Prescription Study Drugs: What Your Campus Needs to Know

Posted by Josh Young on 18 July 2017 |

"The immense pressure put on students by parents and educators has made taking speed a socially acceptable thing."prescription study drugs

This statement was made by a 20-year-old student and posted by The New York Times as part of a collection of personal stories regarding the use of "study drugs" by high school and college students.

Study (or focus) drugs are prescription medications that are misused by students for academic advantage, allowing them to artificially increase their concentration or stamina for studying. And unfortunately, the abuse of these medications is becoming far too commonplace. 

One multi-institutional survey conducted by Ohio State University (OSU) found that 18.6 percent of undergraduate and 11.8 percent of graduate students had taken prescription stimulants for non-medical reasons. And the most commonly cited motivation -- 84.9 percent of responses -- was to study or improve grades.

Comparatively, only 10.2 percent of undergraduate and 6.1 percent of graduate students had misused pain medications (predominately to relieve pain or get high).

Where Are Students Getting Study Drugs?

According to the OSU study, 82.6 percent of students using study drugs obtained the medication from a friend versus 10.1 percent who purchased the medication from a "drug dealer." Similarly, a 2011 study published in the Journal of Addictive Diseases found that 62 percent of college students with a valid prescription for Attention Deficit Hyperactivity Disorder (ADHD) medication were diverting at least some of these drugs to their fellow students.

What are the Consequences Students Face?

The OSU study found that these drugs can, in fact, help with educational performance, with 63 percent of users citing a positive impact on their grades and academic achievements. But these gains come at a cost. 

The same group of students also noted that abuse of study drugs led to depression (9 percent), emotional problems (9 percent), withdrawal symptoms (8 percent), and regretful decisions (7 percent).

Some of the most commonly used study drugs (along with potential side effects of abuse) include:

  • Adderall, which can cause anxiety, aggressive behavior, paranoia
  • Ritalin, which can cause insomnia, heart damage, abnormal blood pressure
  • Concerta which can cause psychotic behavior and poor impulse control
  • Focalin which can cause hallucinations and seizures
  • Vyvanse which can cause weight loss, fainting, heart attack, stroke
  • Modafinil which can cause depression, fatigue, cognitive difficulties
  • Caffeine pills which can cause tremors, chest pains, neurological symptoms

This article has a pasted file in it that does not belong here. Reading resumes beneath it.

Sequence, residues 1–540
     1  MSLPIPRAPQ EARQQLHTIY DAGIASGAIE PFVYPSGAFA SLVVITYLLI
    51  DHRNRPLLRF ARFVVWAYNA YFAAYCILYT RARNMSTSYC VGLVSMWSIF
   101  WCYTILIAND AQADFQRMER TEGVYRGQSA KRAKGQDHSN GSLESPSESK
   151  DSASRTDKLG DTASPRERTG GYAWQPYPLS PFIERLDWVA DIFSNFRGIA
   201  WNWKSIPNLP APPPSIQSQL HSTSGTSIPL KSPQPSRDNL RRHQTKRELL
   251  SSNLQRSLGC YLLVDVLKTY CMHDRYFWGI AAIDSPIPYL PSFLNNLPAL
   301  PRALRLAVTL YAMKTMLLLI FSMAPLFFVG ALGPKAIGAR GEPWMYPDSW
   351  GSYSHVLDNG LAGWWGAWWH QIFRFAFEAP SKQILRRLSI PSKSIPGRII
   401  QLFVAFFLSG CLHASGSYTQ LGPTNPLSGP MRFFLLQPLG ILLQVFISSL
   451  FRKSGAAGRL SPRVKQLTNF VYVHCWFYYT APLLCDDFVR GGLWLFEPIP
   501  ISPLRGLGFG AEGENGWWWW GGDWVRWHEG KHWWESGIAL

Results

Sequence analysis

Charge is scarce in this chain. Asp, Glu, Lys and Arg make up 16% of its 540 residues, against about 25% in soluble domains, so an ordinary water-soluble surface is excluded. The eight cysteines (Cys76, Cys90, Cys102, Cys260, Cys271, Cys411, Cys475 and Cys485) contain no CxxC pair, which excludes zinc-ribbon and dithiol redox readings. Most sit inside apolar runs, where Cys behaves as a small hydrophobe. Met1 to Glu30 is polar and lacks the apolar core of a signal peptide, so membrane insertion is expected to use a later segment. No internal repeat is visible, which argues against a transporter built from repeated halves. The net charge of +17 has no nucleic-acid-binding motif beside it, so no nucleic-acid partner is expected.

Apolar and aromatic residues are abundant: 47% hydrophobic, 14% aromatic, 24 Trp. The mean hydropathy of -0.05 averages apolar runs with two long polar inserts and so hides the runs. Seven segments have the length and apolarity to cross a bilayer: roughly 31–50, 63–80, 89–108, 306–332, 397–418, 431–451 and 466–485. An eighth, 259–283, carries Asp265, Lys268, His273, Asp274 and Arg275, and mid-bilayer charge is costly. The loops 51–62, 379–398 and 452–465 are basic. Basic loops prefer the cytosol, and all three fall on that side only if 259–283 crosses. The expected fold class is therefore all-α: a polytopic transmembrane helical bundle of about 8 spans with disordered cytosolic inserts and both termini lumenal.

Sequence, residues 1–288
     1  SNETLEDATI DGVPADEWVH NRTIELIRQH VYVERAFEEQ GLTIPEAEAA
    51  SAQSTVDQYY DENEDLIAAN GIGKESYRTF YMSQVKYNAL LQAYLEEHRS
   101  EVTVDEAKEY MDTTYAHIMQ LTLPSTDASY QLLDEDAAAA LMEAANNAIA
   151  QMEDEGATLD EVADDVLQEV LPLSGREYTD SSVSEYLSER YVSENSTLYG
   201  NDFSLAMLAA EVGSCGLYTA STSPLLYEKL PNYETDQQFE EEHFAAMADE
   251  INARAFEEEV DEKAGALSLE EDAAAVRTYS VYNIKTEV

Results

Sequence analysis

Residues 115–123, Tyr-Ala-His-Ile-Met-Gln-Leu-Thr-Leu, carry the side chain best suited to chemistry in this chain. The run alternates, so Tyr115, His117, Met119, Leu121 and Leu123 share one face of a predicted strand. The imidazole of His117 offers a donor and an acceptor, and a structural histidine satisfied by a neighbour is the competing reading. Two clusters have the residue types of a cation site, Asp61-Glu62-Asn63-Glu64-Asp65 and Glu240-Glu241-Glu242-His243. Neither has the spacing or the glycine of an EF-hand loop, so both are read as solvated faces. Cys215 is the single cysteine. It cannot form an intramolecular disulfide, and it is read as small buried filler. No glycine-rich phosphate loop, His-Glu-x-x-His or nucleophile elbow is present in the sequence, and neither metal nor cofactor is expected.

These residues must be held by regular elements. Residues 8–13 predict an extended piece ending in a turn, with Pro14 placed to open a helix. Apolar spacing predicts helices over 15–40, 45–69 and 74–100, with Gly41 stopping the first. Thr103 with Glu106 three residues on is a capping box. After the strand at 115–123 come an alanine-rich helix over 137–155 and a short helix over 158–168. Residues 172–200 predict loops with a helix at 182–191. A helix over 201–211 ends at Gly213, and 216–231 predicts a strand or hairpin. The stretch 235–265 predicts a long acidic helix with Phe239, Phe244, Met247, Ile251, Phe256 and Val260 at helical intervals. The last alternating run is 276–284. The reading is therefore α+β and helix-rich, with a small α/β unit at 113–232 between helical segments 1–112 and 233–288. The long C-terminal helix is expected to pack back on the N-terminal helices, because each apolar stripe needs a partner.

How Do You Know When a Student is in Trouble?

Some common signs that a student is abusing prescription medication (or other drugs) and might need outside help are:

  • Reduced interest in class or a sudden drop in academic performance
  • Withdrawal from friends or previously enjoyed activities
  • Increased incidents of high-risk behavior or self-harm
  • Unexplained shifts in behavior or personality
  • Drastic changes in weight or sleeping patterns
  • Uncharacteristic mood swings, depression, or irritability 

What Can Your Campus Do?

Educate

One of the best ways you can fight the abuse of study drugs -- or any drugs for that matter -- on your campus is to educate students on the side effects and dangers of drug and alcohol abuse.

Implement mandatory training programs that make them aware not only of the medical risks but that also highlight the far-reaching impact that abuse can have, such as the connection between intoxicants and sexual assault or the dangers of driving under the influence.

Beyond simply discouraging drug use, any educational program should also encourage healthy living habits and equip students to make more positive life choices. Consider offering seminars on effective study habits and time management strategies, thereby removing some of the primary motivations that students have for abusing study drugs. 

Offer support

Students on your campus are already struggling with substance abuse, so provide them with counseling services or support groups to help them overcome these challenges.

 Ideally, these programs can be managed via your school's health services program, but if the resources are unavailable, coordinate with outside advocacy groups and non-profits to bring programs onto your campus.

Conclusion

Given that the legitimate use of these medications by your students is unlikely to go away, the temptation to abuse study drugs will be an ongoing reality for your campus. But by educating and empowering your students to make healthy, well-thought-out life choices, your school can help mitigate the long-term damage that substance abuse can have on their academic careers and personal lives.

 To learn more about how we can work with your campus to build an effective alcohol and drug abuse prevention program, request a demo of our services today.

 

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